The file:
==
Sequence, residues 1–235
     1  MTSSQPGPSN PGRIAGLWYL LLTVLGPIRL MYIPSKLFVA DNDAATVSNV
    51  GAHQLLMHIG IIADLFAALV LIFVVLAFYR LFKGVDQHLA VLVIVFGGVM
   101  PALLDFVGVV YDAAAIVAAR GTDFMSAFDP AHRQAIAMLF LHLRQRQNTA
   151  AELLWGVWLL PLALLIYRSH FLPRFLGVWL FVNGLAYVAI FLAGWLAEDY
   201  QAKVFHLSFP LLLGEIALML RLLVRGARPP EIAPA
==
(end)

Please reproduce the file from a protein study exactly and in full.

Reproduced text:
Sequence, residues 1–235
     1  MTSSQPGPSN PGRIAGLWYL LLTVLGPIRL MYIPSKLFVA DNDAATVSNV
    51  GAHQLLMHIG IIADLFAALV LIFVVLAFYR LFKGVDQHLA VLVIVFGGVM
   101  PALLDFVGVV YDAAAIVAAR GTDFMSAFDP AHRQAIAMLF LHLRQRQNTA
   151  AELLWGVWLL PLALLIYRSH FLPRFLGVWL FVNGLAYVAI FLAGWLAEDY
   201  QAKVFHLSFP LLLGEIALML RLLVRGARPP EIAPA